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Sandy Phillips at Tina Brown Live Media's American Justice Summit, participating in the panel "Gun Madness: New Thoughts, Real Solutions."


When her daughter was killed in a mass shooting, Sandy Phillips’s passion for gun reform was born

By Alli Maloney on February 1, 2016

In 2012, Sandy Phillips’ daughter, Jessica Ghawi, was one of the 12 people killed during the Aurora, Colorado mass shooting that took place at a midnight showing of The Dark Knight Rises. Phillips appeared on stage last week at Tina Brown Live Media’s American Justice Summit to discuss her fight for gun reform in founding Jessi’s Message, an organization named after her late 24-year-old daughter. “When you lose 72 people in a weekend in Chicago, that’s not acceptable as America,” she said, on a panel titled Gun Madness: New Thoughts, Real Solutions. “It doesn’t matter if they’re gang-related, or if they’re innocent, standing on a corner or sitting on their front porch – they’re getting slaughtered, and that’s not okay,” she said.

Phillips shared how she learned in a phone call that her daughter had been fatally shot in a movie theater.  “From what my husband tells me, I started screaming and from that instant our world spiraled out of control,” she recalled. “And we knew, literally almost instantly, that we were going to be involved in this issue because I couldn’t understand how this could happen again and again and again in America and there hadn’t been any stop-gaps made.”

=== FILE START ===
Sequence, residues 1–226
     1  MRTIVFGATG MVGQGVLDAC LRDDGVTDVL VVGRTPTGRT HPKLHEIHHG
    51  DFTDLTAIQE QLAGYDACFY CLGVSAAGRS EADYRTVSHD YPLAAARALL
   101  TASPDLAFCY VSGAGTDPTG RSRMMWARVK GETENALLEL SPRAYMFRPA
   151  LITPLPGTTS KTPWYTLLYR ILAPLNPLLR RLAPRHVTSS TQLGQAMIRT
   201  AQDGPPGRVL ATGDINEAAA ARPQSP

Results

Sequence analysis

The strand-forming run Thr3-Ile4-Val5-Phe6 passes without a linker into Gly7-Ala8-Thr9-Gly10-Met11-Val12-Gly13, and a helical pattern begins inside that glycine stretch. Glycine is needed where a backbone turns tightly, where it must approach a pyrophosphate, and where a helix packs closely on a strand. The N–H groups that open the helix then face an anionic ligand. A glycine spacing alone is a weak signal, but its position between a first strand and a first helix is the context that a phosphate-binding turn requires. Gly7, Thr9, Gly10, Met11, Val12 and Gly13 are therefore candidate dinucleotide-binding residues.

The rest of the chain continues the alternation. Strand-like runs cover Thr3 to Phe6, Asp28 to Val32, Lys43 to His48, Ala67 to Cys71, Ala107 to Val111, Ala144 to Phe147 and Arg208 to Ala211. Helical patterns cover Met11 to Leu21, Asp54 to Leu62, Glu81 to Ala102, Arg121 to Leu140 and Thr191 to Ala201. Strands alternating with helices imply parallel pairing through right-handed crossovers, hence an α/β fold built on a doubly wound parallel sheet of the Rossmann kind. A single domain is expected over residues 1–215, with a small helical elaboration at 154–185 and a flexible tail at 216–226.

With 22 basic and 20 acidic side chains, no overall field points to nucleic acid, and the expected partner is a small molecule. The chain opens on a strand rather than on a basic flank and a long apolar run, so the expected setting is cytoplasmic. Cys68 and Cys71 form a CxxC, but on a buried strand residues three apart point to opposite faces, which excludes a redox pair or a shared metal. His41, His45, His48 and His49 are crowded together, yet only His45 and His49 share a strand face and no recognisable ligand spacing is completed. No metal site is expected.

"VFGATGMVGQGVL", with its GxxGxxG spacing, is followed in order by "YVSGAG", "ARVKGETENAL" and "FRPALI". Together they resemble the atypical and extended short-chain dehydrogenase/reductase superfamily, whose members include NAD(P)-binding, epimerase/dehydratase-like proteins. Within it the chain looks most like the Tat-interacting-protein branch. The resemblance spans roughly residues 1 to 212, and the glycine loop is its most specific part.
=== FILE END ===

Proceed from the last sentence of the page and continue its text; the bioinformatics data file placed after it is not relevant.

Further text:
Jessica Ghawi
Sandy Phillips’s daughter Jessica Ghawi was fatally shot in an Aurora, Colorado movie theater in 2012.

Phillips spoke with Women in the World in August, explaining how it took three years for her to gather the strength to view Jessi’s autopsy report: “I knew, of course, about the six gunshot wounds that killed her, about the armor-piercing bullet that slammed into her head. But I did not know the details. I felt it was time to know.”

Eerily, a month before Jessi was gunned down, she had just missed being caught in another mass shooting, at a mall in Toronto. “I was working in the garden that day when she called,” Phillips told Women in the World last year. “I reassured her, telling her, ‘You have seen the worst of humanity today. You will never see it again.’ I said all the things a mother should say to make her daughter feel safe. I can see now that I should have told her, ‘We need to be worried. We need to get involved.’

“And that is my message to everyone today. Get involved. Get involved in the fight against gun violence now. Get involved before you lose someone you love.”

Phillips also spoke candidly last week about an incident that occurred years before the shooting in Aurora and why it ultimately caused her a great deal of guilt.


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